How you can achieve almost anything in life


How you can achieve almost anything in life


Being productive, working on your body, living a happy life etc. It’s what many of us are working towards nowadays, right? I bet because many of us are motivated (or feeling bad) by watching what happens on social media.

The reason I wrote this article ((This article first appeared on my Medium.com page) is because I want to share my take on how you can succeed at almost anything in life and become a better person. It all comes back to working towards your goals every day.

(Background check: you can skip this part if you’re not interested in my past)
I’ve built everything from my own web hosting company, to an adults-only website (I was 15 back then, sorry mom, dad and legislation!), but also a network of more than 700 proxy websites, sold newsletter slots… and for the past 3 years I’ve been building a digital agency with over 1.6 mln in yearly revenue.

I’m getting close to 30, and I’ve been building about 18 projects online since I was 13, I have a young kiddo, beautiful wife, a cat and super happy to be living in Belgium.

And to be completely transparent: the best is yet to come. 😄

3 reasons why you get stuck during your growth process and how to resolve this


  1. You don’t stick to your plan during the first 3 months

Being able to move quickly is so important in life, but the common thread with all my projects is that I didn’t set any targets.. Nope, none, that’s correct.

I did set habit-based targets instead of monetary during these initial months (what most of us usually do). Monetary goals have left me dissatisfied and empty in the past, but habits actually never did.

If you want a plan to work, ask yourself: what would my ideal situation look like 3 months from now?

Write it down. Read it every morning. Say it out loud, visualize it, spell it. Make sure it sticks and make it your new personal mantra.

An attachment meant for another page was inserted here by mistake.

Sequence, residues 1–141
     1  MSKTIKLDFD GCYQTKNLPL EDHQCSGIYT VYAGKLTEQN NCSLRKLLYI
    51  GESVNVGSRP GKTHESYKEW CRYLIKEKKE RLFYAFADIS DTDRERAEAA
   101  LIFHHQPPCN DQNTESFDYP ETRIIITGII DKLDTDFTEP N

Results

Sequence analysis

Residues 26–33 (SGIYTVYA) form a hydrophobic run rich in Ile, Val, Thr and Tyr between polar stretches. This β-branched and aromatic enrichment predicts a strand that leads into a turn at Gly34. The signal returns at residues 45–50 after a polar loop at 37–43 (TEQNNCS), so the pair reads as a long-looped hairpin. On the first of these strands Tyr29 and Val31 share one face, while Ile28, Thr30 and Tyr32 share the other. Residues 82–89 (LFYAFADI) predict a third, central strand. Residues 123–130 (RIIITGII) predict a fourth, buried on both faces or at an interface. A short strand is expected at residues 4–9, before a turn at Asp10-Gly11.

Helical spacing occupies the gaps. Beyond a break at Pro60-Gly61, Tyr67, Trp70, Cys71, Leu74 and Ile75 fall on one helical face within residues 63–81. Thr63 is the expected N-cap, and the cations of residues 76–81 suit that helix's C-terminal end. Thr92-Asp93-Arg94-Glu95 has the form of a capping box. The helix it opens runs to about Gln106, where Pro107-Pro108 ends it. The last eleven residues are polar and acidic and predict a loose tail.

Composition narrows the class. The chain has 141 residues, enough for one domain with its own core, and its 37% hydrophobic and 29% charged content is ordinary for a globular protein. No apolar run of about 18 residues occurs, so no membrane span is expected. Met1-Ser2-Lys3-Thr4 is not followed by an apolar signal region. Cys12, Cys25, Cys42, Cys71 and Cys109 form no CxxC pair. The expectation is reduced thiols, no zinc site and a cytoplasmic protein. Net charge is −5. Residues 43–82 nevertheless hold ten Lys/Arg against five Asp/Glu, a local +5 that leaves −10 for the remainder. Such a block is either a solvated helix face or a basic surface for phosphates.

If you’re unsure of what to write, what do you think AT THIS MOMENT, will move the needle in order to succeed at your next goal? It shouldn’t be overcomplex, but spend a few hours outside working on this. Preparation is crucial as it dictates the coming 3 months.

If you built your plan, dedicate enough time every week (= +8 hours per week, at least) in order for it to work.

Here’s an example goal when starting a new business venture:

Meeting relevant people that can either become a customer or provide you with a lot of feedback is crucial in the startup phase.

Some of these people will become your future brand ambassadors because they’ve been with you from the very beginning, others might become your first clients.

The same goes for personal growth:

I learned about calesthenics (pull-ups, push-ups, dips, crunches..) 1.5 years ago. I also learned that I couldn’t do 100 pull-ups in one session, but what I did know is that I could do 6 of them in one set.

I received a small “just-do-it” book from my sales trainer Yves Roelens (thanks!) and started doing multiple series of 6 pull-ups, 3 times a week.

In the beginning, I didn’t know where it would end (hence, I set no target), but I did know if I would get used to the habit, it would become fun and I would continue doing so. Here’s what my book looks like from last week:
(I started with 60 pull-ups in one session, currently an average of 150)

My habit tracker book for tracking pull-ups & other calesthenic exercises.

Since April ‘21, I’ve done over 13,000 pull-ups (besides many other exercises). All by following the same habits and routines. The only target I have set myself is to continue making progress. I did have a bulking pause during Winter time :-).

Why we usually fail during the first 3 months

What often happens during these 3 initial months is what’s called the shiny object syndrome. You see things that “might work better”, or “another project that might even be more relevant to start instead of the current one”.